As we’ve already seen, the Bible tells us to examine ourselves, lest we bring judgment on ourselves. Accordingly, “the most natural construction of his [Paul’s] advice is, that they should try themselves with respect to their spiritual state and religious profession, whether they are disciples indeed, real and genuine Christians, or whether they are not false and hypocritical professors.”2

Edwards’ conclusion is that Paul speaks here of an examination of one’s confession, since the very rite about to be enjoyed is a visual confession of the gospel. So, it is the antithesis of Paul’s imperative here to come to the table having not examined—at the heart level—one’s own confession with regard to Christ and his gospel. It would seem, then, that the observation of this rite would help all Christians to heed Paul’s imperative in his second letter to the Corinthians, namely “examine yourself, to see whether you are in the faith,” which uses the same Greek root used in this verse (see 2 Corinthians 13:5).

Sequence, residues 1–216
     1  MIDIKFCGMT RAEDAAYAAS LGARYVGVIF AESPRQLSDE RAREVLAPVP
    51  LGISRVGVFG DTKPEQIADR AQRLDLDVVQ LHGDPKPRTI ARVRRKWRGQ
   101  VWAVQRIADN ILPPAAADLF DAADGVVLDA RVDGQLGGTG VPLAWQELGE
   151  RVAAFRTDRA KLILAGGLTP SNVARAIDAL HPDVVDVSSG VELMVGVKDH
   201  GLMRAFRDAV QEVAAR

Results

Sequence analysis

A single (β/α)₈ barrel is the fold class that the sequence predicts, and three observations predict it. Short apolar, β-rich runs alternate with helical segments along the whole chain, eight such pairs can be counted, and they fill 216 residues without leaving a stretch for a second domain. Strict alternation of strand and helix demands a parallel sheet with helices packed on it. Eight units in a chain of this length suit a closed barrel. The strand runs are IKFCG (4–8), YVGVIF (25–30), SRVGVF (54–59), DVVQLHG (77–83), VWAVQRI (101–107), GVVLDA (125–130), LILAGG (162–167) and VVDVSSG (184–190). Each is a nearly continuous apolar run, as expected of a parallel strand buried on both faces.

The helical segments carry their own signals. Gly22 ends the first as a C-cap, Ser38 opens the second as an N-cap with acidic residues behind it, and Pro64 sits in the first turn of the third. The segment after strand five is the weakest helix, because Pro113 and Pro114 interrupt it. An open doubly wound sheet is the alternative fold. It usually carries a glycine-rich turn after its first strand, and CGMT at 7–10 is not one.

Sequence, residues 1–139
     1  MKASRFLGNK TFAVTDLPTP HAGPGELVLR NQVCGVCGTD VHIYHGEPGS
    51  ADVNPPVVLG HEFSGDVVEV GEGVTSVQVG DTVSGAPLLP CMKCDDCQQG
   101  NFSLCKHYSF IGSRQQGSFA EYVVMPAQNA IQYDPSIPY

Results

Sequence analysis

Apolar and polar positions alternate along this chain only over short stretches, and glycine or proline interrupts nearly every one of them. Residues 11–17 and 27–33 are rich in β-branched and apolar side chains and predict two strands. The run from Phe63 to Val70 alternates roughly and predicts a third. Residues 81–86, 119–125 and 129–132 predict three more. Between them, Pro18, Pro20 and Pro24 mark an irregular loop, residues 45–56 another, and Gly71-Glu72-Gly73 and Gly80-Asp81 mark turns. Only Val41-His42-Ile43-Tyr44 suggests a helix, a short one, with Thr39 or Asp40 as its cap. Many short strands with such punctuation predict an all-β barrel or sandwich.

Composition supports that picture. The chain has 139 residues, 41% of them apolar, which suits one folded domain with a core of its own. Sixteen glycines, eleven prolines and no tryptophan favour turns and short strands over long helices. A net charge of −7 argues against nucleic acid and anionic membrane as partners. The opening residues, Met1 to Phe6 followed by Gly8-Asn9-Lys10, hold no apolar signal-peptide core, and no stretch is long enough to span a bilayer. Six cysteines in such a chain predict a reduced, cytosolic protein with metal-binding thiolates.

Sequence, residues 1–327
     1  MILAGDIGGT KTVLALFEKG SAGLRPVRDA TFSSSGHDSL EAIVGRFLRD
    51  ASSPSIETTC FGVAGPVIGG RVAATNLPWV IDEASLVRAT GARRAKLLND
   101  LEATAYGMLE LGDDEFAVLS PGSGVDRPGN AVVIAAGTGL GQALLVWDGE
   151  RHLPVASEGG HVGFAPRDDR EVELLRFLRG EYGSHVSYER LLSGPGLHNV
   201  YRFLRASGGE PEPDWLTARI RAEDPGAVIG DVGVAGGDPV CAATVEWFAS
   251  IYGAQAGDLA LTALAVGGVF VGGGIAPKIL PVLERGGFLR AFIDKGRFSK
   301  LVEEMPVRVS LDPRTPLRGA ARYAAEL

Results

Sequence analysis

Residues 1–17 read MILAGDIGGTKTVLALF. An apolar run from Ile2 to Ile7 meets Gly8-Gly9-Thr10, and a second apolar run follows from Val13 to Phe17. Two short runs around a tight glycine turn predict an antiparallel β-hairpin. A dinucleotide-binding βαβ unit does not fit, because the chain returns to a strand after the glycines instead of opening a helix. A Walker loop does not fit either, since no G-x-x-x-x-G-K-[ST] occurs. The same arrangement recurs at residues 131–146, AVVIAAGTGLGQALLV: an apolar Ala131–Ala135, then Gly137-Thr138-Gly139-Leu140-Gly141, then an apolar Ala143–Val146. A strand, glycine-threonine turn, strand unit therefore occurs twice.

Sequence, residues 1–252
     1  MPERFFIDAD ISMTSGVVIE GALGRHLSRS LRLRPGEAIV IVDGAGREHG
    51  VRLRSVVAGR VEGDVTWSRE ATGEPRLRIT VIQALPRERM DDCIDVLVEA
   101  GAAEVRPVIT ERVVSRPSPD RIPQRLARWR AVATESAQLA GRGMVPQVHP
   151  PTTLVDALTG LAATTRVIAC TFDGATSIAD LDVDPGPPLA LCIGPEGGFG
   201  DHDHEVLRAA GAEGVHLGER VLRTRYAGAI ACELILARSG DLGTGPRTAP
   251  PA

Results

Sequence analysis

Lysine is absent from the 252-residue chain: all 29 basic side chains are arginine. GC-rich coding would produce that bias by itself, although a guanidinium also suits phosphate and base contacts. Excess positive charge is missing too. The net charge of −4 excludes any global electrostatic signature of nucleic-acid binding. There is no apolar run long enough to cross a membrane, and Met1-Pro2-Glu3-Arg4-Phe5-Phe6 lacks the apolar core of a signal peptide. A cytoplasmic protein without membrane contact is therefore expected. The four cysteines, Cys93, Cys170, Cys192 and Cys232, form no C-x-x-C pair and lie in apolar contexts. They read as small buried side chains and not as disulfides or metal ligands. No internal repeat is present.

1 Edwards, J. (2008). The works of Jonathan Edwards (Vol. 1, p. 459). Bellingham, WA: Logos Bible Software. 2 Edwards, J. (2008). The works of Jonathan Edwards (Vol. 1, p. 459). Bellingham, WA: Logos Bible Software.

Brother or Sister, are you preaching the gospel to yourself daily? Are you reflective on the grace of God in Christ as we come to the Table? Are you resting in the finished work of Christ—his broken body and shed blood—as the satisfaction of God’s wrath on your behalf?